CHARLOTTE — Veteran outside linebacker Haason Reddick started the tough-love conversation earlier this week, saying the Panthers needed to face some hard truths after last week's loss to Washington.
"It wasn't good enough, and we have to throw the friendships out the way, the buddy-buddy out the way," Reddick said Monday.
Head coach Matt Rhule followed that up with an equally matter-of-fact message on Wednesday, when asked about the things that went wrong defensively during a game in which they allowed 190 yards on the ground.
"We got out-hit," Rhule said simply, referring to a classic Bill Walsh sign which read: "I will not get out-hit at any time."
"We got out-hit. Which was disappointing," Rhule continued. "I think what happened was, sometimes you show up for a show, and a game breaks out. Washington came to fight us and play us. And we got up early, and everyone was having fun, and all of a sudden, a game broke out. They were running the football, and we needed to respond, and we responded in kind of a panicky way, and everybody tried to make a play.
"So you look at the football, and sometimes it's almost unrecognizable."
Rhule spelled out a number of the mistakes, including double-teams never arriving, and cornerbacks such as Donte Jackson being left without help over the top.
"Everyone talked about Donte afterwards, but Donte got hung out to dry a lot," Rhule said. "He was supposed to have help and didn't have help. Just a lot of panic. A lot of really good guys that all of a sudden it was a battle, and they started trying to make plays and do things outside of the defense. And the defense works. If we just do our jobs on defense, the defense works.
"I only verbalize all that because I think it's such an important message for our players. Our players know it; we just have to keep saying it. Do our jobs and play really, really hard. It'll be a challenge this week, because Miami plays really, really hard."
The Dolphins aren't necessarily built to exploit the run defense in the same way the Football Team was, as they're 31st in the league in rushing offense, at 77.4 yards per game. That's a lot closer to the 56.4 rushing yards per game the Panthers have allowed in their five wins than the 160.3 they've allowed in six losses.
But because of the way last week's game unraveled, the Panthers are also not in a position to take anything for granted.
That's why film sessions this week have been blunt, and honest.
"In meeting rooms, getting after guys," defensive end Brian Burns said Wednesday of those conversations. "It's not coming from a place of hate. It's coming from love and wanting to see that guy get better and do better for the team. That's pretty much what he (Reddick) means by that.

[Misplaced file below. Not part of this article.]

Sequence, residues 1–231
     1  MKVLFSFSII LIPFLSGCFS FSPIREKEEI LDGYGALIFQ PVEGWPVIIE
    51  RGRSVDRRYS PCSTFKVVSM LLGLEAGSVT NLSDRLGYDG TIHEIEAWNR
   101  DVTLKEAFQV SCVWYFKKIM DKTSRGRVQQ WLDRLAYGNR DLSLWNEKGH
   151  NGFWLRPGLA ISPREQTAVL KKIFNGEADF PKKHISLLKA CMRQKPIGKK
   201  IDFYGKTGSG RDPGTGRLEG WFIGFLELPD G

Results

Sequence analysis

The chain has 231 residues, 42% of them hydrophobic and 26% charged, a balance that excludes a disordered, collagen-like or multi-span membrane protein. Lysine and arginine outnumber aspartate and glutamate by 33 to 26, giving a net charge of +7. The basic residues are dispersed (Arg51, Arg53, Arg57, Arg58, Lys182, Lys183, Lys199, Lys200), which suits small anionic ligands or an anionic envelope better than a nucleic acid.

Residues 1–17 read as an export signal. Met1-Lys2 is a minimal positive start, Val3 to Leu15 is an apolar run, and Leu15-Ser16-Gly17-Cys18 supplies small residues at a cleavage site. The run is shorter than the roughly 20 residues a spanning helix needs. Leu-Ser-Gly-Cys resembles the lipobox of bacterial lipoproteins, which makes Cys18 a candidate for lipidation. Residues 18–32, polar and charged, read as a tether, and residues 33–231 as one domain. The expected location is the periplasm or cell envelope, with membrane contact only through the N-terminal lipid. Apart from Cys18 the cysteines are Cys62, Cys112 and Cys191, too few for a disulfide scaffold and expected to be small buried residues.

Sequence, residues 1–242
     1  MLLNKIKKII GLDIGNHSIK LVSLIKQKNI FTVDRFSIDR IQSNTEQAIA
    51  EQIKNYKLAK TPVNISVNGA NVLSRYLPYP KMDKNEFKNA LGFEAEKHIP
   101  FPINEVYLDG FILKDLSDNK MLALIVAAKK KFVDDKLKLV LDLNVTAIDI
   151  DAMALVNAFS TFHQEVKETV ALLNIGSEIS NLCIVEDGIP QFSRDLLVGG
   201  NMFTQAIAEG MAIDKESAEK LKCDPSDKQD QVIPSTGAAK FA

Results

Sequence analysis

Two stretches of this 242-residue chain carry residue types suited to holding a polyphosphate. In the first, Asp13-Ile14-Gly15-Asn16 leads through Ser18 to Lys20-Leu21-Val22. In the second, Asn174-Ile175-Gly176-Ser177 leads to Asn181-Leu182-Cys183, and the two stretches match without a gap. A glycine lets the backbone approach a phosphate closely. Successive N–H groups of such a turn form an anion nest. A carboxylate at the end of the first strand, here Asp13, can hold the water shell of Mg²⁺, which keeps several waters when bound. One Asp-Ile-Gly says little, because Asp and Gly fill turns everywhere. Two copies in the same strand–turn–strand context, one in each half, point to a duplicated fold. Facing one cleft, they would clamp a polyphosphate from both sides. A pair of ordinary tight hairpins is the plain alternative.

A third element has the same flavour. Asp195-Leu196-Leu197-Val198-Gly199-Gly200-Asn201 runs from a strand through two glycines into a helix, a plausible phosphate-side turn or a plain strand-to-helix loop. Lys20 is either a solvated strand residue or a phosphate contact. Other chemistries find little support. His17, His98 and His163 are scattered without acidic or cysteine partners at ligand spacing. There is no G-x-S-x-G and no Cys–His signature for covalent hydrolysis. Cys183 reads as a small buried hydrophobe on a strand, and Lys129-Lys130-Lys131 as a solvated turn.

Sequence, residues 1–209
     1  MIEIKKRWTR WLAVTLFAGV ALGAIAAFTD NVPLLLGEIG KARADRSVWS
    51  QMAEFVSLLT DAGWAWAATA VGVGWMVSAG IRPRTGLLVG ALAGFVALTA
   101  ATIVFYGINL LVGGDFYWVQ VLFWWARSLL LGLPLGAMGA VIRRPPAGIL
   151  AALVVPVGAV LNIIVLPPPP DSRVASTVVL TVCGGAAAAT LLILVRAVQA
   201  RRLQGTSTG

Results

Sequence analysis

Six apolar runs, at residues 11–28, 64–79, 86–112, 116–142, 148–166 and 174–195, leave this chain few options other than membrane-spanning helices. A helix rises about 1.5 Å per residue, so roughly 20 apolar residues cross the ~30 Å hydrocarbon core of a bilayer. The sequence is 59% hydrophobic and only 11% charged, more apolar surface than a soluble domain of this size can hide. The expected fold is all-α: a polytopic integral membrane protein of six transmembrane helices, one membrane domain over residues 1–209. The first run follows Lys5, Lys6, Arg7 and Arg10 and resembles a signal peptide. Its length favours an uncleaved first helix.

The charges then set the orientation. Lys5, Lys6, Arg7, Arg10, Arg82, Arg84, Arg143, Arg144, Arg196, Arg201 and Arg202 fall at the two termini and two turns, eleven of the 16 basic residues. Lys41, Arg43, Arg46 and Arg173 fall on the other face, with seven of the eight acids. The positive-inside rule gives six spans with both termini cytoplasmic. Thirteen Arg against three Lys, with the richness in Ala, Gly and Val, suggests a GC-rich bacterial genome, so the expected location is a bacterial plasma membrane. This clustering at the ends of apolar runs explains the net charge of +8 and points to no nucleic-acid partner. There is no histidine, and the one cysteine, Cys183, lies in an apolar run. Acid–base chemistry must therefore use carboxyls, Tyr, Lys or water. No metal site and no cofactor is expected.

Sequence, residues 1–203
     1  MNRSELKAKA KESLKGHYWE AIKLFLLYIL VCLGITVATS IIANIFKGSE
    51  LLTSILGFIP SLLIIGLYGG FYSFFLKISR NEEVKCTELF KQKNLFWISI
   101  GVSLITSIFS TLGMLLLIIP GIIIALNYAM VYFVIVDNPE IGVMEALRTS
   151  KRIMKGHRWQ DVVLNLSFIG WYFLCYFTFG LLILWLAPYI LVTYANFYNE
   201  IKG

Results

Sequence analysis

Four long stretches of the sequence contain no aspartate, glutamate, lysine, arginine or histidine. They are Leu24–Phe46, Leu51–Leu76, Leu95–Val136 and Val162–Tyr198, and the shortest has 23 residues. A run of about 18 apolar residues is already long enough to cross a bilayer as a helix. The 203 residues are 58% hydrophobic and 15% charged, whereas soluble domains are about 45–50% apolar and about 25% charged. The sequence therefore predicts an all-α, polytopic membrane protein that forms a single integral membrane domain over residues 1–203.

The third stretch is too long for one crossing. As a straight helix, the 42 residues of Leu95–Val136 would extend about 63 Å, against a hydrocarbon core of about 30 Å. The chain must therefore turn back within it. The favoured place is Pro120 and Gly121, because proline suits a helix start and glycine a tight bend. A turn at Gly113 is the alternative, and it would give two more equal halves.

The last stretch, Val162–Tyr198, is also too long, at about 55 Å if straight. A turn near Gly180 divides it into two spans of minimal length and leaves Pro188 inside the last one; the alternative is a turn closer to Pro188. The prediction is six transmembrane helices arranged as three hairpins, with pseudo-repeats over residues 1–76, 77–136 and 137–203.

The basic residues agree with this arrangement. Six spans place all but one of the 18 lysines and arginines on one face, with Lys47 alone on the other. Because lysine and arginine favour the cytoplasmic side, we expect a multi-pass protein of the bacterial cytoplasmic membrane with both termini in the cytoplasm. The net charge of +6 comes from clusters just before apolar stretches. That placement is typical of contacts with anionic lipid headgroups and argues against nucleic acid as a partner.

"You want to cut all the sensitiveness and all the bull out of it. We come in to do our jobs, and our job is to win."
When that unfolds the way it did last week, there's plenty of accountability to go around. Burns called the film sessions "the true epitome of owning up to your stuff," and was quick to admit there were a number of times when he was raising his hand.
"Facts," he said. "I don't think anybody played a great game last game, as far as defense. It was mistakes all across the board. But it just takes one guy to mess up. It's not one guy every single play; it's one guy here, one guy here, which turns to a consistent mess-up as a defense."
Burns said the honesty was "pretty uplifting, in my opinion," and players were taking the criticism constructively.
"At the end of the day, you have to learn from your mistakes," he said. "You just can't dwell on them, because it will be a tumbling effect the rest of the season. So we've been preaching, everyone hold themselves accountable and hold each other accountable. That's our main theme right now."
Rhule said he wanted to be careful not to "overreact to a bad game," but they're also not wasting a chance at an object lesson. He's not ready to make big lineup changes, since he's seen this group play well.
The Panthers are still second in the league in total defense, though they've slipped to 19th against the run. That means there's still plenty going right. And as muddled as the NFC is this year, there's still time for it to matter.
But make no mistake, the time to fix it is now. And based on their conversations, they're all aware of it.
See photos from Wednesday's practice as the Panthers prepare to travel to Miami this weekend.